Narmerwar

In an attempt to illustrate the role of ignorance and inaction in government in the face of the threat of foreign invasion and influence, Narmer, the Unifier of Kemet and the first Pharoah, spoke these words to a gathering of his elders:

How do you kill an ant? Mix honey with pepper. Keep it close to the ant hill. Wait patiently for the ant until it crawls out and eats. After eating, it may search for water in a water pot. When the ant climbs in, push it, and let it wade in wetness. After that, the ant may attempt to dry itself near a furnace. Adequately oil the firewood. When the ant approaches the fireplace, drop a torch on the wood and blow it out. Take the wounded ant to the priest. The ant will be wrapped in herbs. Now the ant is safe in the Temple. However, at night, sneak into the Temple and remove the wrappings and stab the ant to death.

The elders laughed, seemingly amused with such a stratagem. But Narmer instantly made it clear that the story only went to portray, ‘our reaction to foreign governments, or as others like it, foreign influenced governments in our nation’.

The elders took offense and demanded that Narmer be beheaded. And Narmer asked, ‘How? In the same way you kill an ant?’

Narmer went on to become the greatest warrior in antiquity. Ancient Egyptian records attest to his valor and his mercilessness. Unlike his descendants, like Tahaka and Hannibal, Narmer was a stickler to and a believer in the due process of war, and the cleansing, he believed, of the land of foreign influence.

Though his exploits are great and innumerable, his lack of mercy to the people he conquered, having never lost a battle, is what was unparalleled. But his nature at war goes a long way in explaining how his anger had evolved and brewed over time, at the persistence of the ignorance and inaction in Kemet.

Africa is yet again plagued with similar ignorance and profound inaction on the part of government and our elders. If Narmer were alive today, his story to his elders would have had a resounding urgency in the minds of all Africans.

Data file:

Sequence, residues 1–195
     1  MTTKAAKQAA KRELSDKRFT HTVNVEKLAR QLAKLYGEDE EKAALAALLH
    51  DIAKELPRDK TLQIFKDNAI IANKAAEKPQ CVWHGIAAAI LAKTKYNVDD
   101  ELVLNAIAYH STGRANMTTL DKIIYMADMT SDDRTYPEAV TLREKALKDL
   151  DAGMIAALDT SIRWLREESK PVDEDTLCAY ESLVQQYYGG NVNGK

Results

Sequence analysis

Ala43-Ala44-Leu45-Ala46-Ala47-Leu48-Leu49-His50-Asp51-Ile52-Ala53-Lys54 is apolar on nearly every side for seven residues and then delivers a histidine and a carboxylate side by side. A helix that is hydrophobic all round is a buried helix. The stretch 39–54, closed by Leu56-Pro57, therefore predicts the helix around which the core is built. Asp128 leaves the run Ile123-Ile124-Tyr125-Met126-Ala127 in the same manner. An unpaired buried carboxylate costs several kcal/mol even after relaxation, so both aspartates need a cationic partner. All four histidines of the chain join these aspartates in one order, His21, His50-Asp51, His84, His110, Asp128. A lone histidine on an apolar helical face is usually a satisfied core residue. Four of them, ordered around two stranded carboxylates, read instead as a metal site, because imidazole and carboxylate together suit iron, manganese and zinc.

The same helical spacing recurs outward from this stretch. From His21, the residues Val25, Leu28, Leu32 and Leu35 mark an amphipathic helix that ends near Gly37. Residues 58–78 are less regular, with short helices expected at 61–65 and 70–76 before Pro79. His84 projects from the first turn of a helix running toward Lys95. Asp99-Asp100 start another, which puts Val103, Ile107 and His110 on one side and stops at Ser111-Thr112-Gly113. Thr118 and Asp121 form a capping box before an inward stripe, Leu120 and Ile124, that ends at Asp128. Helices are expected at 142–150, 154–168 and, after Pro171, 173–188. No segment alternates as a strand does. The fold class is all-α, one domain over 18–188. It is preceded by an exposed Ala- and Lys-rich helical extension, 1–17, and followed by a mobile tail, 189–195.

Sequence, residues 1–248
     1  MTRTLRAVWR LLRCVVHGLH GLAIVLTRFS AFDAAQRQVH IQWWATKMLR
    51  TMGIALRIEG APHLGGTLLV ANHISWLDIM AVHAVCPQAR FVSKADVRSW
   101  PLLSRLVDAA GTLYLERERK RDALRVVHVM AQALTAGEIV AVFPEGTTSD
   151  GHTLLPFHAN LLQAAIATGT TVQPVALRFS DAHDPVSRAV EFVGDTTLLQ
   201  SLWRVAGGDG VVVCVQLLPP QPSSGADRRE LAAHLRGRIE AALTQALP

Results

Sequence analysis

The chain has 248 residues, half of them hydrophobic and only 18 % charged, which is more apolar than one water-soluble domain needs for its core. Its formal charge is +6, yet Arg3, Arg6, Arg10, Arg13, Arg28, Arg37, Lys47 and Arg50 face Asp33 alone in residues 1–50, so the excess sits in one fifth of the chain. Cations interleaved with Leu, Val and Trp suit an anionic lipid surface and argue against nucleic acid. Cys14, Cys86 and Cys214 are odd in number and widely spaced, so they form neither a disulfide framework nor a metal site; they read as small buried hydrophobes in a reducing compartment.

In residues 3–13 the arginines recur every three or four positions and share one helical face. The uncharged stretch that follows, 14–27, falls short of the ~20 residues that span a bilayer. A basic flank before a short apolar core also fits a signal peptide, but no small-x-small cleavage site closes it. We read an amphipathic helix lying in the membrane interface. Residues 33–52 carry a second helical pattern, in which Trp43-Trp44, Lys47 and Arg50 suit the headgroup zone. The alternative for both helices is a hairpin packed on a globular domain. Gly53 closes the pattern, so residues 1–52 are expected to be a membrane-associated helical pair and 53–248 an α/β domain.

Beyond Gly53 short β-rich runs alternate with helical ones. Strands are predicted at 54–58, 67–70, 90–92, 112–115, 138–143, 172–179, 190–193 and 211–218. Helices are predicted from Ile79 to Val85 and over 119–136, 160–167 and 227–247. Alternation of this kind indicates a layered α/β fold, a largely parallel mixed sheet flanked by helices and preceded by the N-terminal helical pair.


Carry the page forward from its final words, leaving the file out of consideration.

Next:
To postulate on what he would have done, what he would have accomplished, baring the mercilessness, will not be further from the truth. It is a big shame, and a big fat shame at that, that Mother Africa can no longer boast of brave and selfless sons as Narmer.

Today the continent is summarily invaded. We do not determine the prices of goods we produce, if we produce them. We do not have an influence in the world if we wanted to, and we do not even govern ourselves, since capital is easily flown into our states to determine the outcomes of democratic elections and even our civil wars.

And when we manage to enstool a strong leader at great cost, like Kwame Nkrumah or Muammar al-Gaddafi, besides their idiosyncrasies, and no matter their shortcomings, we are still not allowed the right to agree nor disagree with them in our own time.

Worse, Africans, or Black People, are pathologically hated the world over for absolutely no practical reason. We are not human in the eyes of Europeans. We are scourged products of a Chinese god’s creation machine, and we are certainly just mules for the rest.

So, it must not be a far shot, nor is it a far cry, to ruminate on what Narmer would have done. What he would have accomplished and how he would have stood up on principle, and principle alone, for Africa and for humanity.

Perhaps, history will have a way of repeating itself, or at the least, if not at all, rhyme with us!

5 COMMENTS

  1. We have to realise that we have no friends nor brothers anywhere in the world as Black Africans, we have no family too, with the exception of a few Blacks outside of KEMET (Africa) who see us as family. Excellent article.

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